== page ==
Palestinian President Mahmoud Abbas plans to ask his prime minister within the coming week to form a new government without the Gaza Strip's Hamas rulers, signaling a breakdown in unity talks with the Islamic militant group.

Months of power-sharing talks between Abbas' Fatah movement and Hamas have gone nowhere. "If they continue like this, it could last for years," aide Yasser Abed Rabbo said.

Formation of a new government enjoys "external support," he added, referring to Egypt, which has mediated the floundering power-sharing talks. There was no immediate comment from Egyptian officials.

Abed Rabbo said the next round of Egyptian-brokered contacts would take place on May 16 as planned. But Hamas shared his pessimism regarding their outcome.

"This announcement sabotages the Palestinian unity talks, it's a big blow to the Egyptian efforts and proves Fatah isn't sincerely interested in achieving unity," said Mushir al-Masri, a Hamas politician in Gaza.

The Palestinians have had two rival governments since Hamas violently seized control of Gaza from Abbas' forces in June 2007. Abbas has ruled from his West Bank stronghold since then.

Abbas' prime minister, Salam Fayyad, stepped down in March to clear the way for the latest round of unity talks. Fayyad will head the new government, Abed Rabbo said.

The sides remain deadlocked over Fatah's insistence that Hamas yield to international demands to recognize Israel, renounce violence and accept existing agreements between Israel and the Palestinians.

Mahmoud Ramahi, a Hamas official in the West Bank, said his movement could not accept these demands "under any condition."

While efforts to reconcile the Palestinians sputtered, Israeli Prime Minister Benjamin Netanyahu announced the appointment of a committee to examine ways to help rally the West Bank's economy.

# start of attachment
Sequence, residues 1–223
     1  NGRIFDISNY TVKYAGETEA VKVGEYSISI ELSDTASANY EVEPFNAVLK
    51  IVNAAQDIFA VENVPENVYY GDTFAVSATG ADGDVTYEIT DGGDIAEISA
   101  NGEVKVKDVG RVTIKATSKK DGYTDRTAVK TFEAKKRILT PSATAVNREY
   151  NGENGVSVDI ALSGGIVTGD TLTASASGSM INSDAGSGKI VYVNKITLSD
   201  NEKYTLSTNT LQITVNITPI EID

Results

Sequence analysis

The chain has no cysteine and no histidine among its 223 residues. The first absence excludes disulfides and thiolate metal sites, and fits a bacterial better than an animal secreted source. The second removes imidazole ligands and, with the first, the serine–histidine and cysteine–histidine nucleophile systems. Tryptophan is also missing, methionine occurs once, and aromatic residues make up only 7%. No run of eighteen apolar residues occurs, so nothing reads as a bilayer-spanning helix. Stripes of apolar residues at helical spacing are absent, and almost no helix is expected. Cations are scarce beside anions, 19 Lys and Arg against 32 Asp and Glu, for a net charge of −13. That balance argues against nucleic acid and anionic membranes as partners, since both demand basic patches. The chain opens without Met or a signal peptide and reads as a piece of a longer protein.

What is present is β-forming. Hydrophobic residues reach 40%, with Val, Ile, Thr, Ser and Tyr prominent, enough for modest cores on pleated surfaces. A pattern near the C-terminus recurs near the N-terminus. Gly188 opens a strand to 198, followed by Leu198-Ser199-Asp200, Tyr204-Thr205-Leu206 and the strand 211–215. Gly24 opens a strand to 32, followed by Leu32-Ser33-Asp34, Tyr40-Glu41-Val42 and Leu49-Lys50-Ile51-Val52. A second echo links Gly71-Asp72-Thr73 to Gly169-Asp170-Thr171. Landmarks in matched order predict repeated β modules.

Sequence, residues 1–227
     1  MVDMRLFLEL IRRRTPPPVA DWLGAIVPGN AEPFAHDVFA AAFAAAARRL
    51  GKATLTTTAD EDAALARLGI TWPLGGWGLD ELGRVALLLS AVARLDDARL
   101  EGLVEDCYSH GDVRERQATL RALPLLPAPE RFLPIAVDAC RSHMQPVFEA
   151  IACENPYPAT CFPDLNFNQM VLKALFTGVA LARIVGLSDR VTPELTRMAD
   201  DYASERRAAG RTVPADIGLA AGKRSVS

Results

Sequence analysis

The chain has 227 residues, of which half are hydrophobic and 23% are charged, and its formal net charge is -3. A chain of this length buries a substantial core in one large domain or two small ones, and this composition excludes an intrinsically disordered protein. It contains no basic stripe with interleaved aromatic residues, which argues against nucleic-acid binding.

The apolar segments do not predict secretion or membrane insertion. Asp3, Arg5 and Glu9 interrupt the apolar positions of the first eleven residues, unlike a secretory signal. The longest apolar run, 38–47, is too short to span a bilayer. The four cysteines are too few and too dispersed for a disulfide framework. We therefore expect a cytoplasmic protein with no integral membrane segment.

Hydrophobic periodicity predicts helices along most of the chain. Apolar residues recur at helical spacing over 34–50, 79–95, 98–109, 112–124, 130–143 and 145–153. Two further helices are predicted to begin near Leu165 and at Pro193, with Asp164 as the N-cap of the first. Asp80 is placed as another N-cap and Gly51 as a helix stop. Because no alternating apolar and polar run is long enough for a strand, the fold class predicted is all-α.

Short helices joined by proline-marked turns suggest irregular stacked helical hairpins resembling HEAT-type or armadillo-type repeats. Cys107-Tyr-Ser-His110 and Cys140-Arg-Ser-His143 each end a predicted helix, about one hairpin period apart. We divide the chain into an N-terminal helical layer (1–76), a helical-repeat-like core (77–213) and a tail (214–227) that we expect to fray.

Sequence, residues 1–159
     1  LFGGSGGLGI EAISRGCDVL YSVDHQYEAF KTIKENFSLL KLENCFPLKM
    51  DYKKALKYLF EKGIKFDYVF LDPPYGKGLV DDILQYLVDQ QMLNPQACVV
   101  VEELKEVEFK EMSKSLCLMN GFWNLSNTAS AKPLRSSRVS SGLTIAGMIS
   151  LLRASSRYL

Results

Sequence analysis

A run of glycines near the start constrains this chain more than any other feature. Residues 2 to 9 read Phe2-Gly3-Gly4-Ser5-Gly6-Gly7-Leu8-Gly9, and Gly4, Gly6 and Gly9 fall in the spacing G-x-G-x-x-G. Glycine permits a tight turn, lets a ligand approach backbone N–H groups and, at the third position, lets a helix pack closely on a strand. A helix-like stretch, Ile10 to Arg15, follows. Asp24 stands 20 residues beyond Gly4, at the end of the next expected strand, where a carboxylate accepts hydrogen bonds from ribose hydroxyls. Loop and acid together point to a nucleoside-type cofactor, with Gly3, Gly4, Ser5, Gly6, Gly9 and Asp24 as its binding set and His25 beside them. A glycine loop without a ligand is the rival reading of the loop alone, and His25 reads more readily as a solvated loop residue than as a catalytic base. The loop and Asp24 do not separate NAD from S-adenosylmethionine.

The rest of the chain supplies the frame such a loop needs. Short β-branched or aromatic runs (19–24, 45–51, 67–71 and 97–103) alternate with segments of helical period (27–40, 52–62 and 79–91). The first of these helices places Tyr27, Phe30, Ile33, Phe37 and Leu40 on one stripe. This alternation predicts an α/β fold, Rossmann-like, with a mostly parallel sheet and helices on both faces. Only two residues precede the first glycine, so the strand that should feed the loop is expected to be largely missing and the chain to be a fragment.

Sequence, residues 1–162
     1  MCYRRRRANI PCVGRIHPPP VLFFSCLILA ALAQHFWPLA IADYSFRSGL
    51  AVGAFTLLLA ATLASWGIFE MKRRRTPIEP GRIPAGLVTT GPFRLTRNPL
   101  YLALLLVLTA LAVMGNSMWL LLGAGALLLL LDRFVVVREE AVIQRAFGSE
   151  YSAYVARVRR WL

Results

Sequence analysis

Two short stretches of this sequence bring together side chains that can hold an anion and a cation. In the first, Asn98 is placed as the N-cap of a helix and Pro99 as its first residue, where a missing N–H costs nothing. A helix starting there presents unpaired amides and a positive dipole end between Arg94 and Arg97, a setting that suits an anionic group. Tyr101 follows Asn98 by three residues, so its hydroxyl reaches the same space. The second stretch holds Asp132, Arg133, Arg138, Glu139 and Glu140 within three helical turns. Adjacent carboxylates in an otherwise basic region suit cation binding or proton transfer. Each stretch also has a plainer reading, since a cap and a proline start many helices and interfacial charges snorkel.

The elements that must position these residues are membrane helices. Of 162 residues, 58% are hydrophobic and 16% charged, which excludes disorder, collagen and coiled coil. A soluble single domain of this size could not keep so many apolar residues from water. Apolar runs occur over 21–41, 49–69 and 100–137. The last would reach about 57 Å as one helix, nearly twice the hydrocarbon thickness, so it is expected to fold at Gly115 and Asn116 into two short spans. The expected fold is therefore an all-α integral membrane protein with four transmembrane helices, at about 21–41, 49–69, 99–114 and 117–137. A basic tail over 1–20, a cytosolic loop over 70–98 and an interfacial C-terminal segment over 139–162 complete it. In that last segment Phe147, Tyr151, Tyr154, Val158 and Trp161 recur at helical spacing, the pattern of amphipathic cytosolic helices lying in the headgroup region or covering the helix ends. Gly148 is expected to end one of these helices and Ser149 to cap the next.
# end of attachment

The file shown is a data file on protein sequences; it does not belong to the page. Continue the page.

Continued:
The committee is part of Netanyahu's vision of "economic peace" with the Palestinians. Netanyahu has said the Palestinians aren't ready to govern themselves and has so far resisted international pressure to endorse the concept of Palestinian independence. He wants to focus instead on bringing greater prosperity to the West Bank to lay the groundwork for future peace efforts.

He is to head the five-member panel, which will also include Defense Minister Ehud Barak and Foreign Minister Avigdor Lieberman.

As defense minister over the last two years, Barak resisted international pressure to lift a significant number of the hundreds of Israeli military roadblocks throughout the West Bank. The roadblocks badly impede the movement of people and goods and have been a major factor blocking an economic rally in the West Bank.

Lieberman has repeatedly expressed contempt for the year of U.S.-backed peace talks launched in Annapolis, Maryland, in November 2007 that produced no tangible results.

Meanwhile, an Israeli soldier was shot to death Thursday during a clash in the West Bank, the military said.

The soldier shot while troops were trying to quell rioting in the village of Bir Zeit near Ramallah, it added. The military was investigating his killing and said a number of Palestinian suspects have been arrested. No other details were immediately available.